Original Poetry. THE AUSTRALIAN SPRING. [Newspaper Article] — The Broadford Courier — 21 October 1892
Original Poetry. THE AUSTRALIAN SPRING. The Editor sat in his chair one day, With a wistful look on his face; And he almost wished that a railway smash, Or a murder would take place. " Oh, quiet is this place," he muttered out. "There is nothing new about, And nothing to fill the paper with, When next week's issue comes out." Just then, a knock at the door he heard " Some subscriber his bill to pay," He cheerfully said, as he quickly sprang From his seat to the entrance way. He was taken aback ; for there stood a maid. A dainty and dear little thing. 'I've brought you a poem, cir. Editor, Entitled, 'The Australian Spring.'" He took the poem in his inky hand, And when he had scanned it thro': "Well bliss," he said, "I will put it away, Until it's turn comes due. For fifteen poems, on gentle spring, In my desk are hidden there; In fact our stock of them is large, And we use but one a year." " And yours is the last that we must use, On account of it's being late; Blut we'll insert it. ...
Co-operative Societies. [Newspaper Article] — The Broadford Courier — 21 October 1892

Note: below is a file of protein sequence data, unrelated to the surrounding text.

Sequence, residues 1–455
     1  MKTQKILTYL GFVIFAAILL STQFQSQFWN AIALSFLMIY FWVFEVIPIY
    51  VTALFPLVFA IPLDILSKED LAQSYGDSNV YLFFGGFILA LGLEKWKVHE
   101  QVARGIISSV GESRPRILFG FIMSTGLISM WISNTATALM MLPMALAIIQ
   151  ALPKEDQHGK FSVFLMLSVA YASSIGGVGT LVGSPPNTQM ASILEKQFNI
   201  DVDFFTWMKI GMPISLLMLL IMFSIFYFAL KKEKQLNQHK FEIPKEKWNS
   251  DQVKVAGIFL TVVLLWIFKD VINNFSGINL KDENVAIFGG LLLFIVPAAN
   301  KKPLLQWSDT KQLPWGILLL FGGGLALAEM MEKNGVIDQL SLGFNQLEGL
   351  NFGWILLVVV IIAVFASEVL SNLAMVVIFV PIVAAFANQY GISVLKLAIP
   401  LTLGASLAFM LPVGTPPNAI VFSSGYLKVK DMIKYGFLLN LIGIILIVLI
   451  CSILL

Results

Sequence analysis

Co-operative Societies. I? view of the establishment of a co operative supply company in this town ship, the following extract from a standard work on social economy may prove of interest :-"Commencing in 1844 with 28 members, the Rochdale (Eng land) Equitable Pioneer Co-operative Society in t186 numbered no less than 4000 members. At the end of 1872 the number of members was 6444. The original capital was £28; in 1S72 it amounted to £134.167. The amount received by the society was £267,582. The value of each share is generally fixed at £1. The members are charged the current market price for all articles purchased by them; the difference be tween wholesale and retail prices of goods, after paying expenses of manage ment, and interest on subscribed capital, being divided among the members. ac cording to the amount of purchases made by each, every quarter. The vital principal of all successful co-operative societies is ready-money payments. The moment credit is given, the chief guara...